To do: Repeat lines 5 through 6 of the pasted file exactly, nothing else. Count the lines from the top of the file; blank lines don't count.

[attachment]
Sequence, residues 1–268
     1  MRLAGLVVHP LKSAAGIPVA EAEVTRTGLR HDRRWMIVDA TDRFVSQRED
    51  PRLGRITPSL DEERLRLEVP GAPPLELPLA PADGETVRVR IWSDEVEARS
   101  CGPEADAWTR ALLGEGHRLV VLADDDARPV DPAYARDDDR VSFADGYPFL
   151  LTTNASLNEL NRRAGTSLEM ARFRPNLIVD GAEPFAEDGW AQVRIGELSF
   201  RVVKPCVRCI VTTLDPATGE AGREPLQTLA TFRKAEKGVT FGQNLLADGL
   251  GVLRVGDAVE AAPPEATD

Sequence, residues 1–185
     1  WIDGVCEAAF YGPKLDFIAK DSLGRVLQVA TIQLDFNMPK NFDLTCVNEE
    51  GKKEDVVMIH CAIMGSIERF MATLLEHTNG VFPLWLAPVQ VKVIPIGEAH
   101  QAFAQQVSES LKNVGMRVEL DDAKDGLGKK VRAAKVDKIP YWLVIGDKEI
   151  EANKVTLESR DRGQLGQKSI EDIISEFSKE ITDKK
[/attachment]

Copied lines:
   151  LTTNASLNEL NRRAGTSLEM ARFRPNLIVD GAEPFAEDGW AQVRIGELSF
   201  RVVKPCVRCI VTTLDPATGE AGREPLQTLA TFRKAEKGVT FGQNLLADGL